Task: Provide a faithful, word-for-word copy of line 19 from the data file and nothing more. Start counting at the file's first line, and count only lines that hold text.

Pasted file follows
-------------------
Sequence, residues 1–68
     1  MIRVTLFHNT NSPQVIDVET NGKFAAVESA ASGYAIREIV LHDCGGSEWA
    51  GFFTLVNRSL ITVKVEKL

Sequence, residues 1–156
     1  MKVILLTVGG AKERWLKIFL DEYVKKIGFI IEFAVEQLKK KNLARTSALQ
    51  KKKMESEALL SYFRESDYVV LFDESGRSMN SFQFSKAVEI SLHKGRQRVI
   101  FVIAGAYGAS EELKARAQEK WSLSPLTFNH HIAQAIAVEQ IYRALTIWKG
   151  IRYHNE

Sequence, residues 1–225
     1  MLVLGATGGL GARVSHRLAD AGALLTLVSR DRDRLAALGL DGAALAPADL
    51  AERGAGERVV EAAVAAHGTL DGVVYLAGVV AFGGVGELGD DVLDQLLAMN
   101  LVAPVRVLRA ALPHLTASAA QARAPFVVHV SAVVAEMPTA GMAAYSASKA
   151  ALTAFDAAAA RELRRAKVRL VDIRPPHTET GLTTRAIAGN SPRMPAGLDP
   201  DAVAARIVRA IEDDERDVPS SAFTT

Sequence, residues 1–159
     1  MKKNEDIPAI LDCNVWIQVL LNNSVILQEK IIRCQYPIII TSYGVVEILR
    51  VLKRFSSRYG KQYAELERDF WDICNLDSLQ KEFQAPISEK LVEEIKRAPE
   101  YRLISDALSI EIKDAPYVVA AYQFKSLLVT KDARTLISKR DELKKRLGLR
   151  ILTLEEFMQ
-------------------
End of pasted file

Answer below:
   151  ILTLEEFMQ